The Climate of the Western Cape Province
The Cape Town area of the Western Cape has a Mediterranean climate. Inland and coastal temperatures usually differ as the mild, dry and very sunny summers warm the coast with temperature lows of 15 degrees and highs averaging 27 degrees, and inland temperatures are often 3 – 5 degrees higher than the coastal areas. Winter along the coast is chilly but hardly ever drops below 7 degrees and the midday highs see temperatures of 18 degrees. As mentioned before, the inland temperatures are higher, but inland residents can find themselves waking up to 5 degrees and warming to a perfect 22.
March and April, are the most idyllic months to visit the Western Cape area. Summer has started to subside, and although still sunny, the heat is pleasant and the wind dies down to a subtle breeze. Signifying the start of autumn, these weather conditions bring with it a spectacular change in the vegetation and vineyards. A sea of browns, orange and warm reds blanket the earth, giving the visitor breathtaking inland and coastal views.
Western Cape winters are spread across the months May to July, and even the chill in the air cannot hide the beautiful scenes of snow capped mountain tops, or take away the enjoyment of sitting in front of a warm log fire. With spring arriving in August and lasting to October, the land again transforms, but becomes one massive bouquet of flowers.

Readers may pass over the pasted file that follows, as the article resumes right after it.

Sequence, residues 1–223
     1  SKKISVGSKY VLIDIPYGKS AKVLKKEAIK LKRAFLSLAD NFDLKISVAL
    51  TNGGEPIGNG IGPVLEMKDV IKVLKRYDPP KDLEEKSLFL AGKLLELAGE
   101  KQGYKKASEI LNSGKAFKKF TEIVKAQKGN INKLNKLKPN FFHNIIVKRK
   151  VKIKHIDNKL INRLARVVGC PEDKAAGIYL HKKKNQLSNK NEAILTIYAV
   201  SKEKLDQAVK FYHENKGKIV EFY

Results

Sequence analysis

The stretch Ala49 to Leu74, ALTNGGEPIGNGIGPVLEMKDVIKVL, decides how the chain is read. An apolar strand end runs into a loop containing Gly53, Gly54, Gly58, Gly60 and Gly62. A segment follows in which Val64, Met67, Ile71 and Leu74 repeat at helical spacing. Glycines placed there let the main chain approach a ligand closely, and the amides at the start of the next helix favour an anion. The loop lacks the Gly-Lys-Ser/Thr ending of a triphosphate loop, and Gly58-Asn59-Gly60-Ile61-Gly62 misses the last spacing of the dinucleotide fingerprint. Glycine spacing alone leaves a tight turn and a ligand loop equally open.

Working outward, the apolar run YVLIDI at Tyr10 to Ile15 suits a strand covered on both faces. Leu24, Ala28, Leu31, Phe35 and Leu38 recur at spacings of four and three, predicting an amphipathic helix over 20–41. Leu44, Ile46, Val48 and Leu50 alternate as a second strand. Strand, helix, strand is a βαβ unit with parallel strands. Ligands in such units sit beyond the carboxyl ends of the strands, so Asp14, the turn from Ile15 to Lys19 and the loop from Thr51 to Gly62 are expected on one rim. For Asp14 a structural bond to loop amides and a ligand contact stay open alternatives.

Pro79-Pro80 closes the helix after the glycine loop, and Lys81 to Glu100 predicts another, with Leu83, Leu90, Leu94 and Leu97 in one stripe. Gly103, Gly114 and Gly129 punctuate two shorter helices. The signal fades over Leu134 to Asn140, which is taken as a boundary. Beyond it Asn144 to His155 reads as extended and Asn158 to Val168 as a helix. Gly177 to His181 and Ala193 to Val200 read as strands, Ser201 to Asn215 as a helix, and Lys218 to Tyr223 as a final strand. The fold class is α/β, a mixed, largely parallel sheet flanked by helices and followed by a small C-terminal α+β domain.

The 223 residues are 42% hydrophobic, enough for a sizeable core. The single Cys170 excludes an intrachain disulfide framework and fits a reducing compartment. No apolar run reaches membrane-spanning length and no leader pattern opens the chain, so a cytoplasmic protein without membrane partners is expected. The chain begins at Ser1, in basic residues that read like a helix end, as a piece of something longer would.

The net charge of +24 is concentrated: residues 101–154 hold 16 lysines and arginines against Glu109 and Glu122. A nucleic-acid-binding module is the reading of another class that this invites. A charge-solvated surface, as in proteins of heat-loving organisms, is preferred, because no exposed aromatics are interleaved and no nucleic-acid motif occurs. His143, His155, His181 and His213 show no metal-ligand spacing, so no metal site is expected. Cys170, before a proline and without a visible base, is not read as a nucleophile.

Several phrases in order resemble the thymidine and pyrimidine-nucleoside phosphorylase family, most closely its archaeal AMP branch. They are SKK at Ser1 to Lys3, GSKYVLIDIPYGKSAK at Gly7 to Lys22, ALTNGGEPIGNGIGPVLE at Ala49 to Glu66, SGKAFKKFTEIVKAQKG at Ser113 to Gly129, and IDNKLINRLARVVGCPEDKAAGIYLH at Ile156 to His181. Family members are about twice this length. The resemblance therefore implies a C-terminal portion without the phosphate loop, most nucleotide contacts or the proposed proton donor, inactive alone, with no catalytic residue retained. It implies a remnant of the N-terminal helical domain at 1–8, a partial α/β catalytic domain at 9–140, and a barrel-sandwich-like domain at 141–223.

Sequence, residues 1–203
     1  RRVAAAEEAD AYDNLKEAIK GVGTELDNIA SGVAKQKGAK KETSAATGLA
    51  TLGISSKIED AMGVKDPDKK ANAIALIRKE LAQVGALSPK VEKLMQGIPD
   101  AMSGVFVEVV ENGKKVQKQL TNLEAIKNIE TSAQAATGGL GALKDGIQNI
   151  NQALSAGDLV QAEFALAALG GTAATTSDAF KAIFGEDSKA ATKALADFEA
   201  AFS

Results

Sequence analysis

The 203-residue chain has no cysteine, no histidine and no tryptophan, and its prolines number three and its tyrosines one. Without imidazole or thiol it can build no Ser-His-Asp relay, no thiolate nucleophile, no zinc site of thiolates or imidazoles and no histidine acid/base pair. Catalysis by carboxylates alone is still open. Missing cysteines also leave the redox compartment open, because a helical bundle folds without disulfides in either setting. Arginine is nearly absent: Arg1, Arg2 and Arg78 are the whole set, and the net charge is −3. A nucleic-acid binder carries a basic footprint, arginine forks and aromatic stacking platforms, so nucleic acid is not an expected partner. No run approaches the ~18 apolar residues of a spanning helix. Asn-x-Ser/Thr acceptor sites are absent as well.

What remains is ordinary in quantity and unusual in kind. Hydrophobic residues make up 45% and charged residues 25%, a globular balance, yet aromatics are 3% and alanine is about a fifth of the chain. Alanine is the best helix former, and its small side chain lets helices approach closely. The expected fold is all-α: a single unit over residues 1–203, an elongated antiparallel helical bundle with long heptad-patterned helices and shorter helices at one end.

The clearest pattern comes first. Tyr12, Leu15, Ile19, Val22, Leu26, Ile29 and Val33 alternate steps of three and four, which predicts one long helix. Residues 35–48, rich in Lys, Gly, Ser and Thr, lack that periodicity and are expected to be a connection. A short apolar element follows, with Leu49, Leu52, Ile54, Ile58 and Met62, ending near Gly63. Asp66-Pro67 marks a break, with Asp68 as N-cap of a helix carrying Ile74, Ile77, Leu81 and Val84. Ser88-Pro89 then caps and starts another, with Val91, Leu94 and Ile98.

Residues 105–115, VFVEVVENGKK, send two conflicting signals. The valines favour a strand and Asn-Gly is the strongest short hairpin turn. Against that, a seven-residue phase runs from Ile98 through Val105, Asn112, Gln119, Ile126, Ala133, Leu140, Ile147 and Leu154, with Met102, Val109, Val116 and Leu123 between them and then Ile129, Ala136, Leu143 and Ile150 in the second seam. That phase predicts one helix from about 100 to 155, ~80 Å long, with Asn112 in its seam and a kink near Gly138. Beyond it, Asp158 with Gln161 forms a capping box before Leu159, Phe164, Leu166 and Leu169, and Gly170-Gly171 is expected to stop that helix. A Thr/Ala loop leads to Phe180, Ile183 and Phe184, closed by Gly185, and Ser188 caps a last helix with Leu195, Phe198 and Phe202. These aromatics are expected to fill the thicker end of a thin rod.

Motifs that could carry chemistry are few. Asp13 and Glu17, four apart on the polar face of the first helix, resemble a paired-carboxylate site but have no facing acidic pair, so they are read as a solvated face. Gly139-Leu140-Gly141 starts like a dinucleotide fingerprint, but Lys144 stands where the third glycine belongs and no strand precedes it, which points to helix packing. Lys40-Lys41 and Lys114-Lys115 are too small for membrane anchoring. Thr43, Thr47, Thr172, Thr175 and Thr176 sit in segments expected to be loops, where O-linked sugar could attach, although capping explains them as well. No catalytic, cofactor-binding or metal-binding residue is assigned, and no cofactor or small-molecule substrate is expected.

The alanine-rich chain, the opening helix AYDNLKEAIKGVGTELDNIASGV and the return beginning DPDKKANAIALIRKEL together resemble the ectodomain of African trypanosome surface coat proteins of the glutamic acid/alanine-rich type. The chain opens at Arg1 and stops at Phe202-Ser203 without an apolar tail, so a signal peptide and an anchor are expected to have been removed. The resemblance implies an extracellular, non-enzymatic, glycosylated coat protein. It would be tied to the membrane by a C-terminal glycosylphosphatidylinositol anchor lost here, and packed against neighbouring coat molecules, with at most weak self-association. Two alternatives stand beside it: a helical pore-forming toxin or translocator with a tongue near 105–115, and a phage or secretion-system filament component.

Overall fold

Even though the Western Cape climate is mostly pleasant, the famous “Cape Doctor” does take pride in battering the coast every now and then. At intervals, the wind forcefully sweeps across the landscape, clearing the air from pollution, and therefore the name “Cape Doctor” was given to these winds. They have been known to literally sweep locals and visitors off their feet!
And last but not least, is the beautiful “table cloth” that drapes over Table Mountain, and is a spectacular sight. The south easterly winds (Cape Doctor), that moves in from False Bay and up over Table Mountain, is filled with moisture. When this warm air meets the colder air at approximately 900 meters, a thick cloud starts to form that covers and rolls down the other side of the mountain. On the down hill slope towards the city bowl, the air again reaches the warmer temperatures, the cloud starts to disappear. This is of course the meteorological explanation for this amazing phenomenon. Legend says that the clouds were formed by a smoking competition. It is said that after a life on the ocean, a pirate named Van Hunks retired to the slopes of Devil’s Peak in the 18th century. Devil’s Peak is the mountain next to Table Mountain. Van Hunks was known to pass his days by sitting on the mountain and smoking his pipe. A smoking competition that lasted for days started when Van Hunks was approached by a stranger. After Van Hunks won the competition, the stranger revealed himself to be the Devil, after which they both disappeared into a puff of smoke.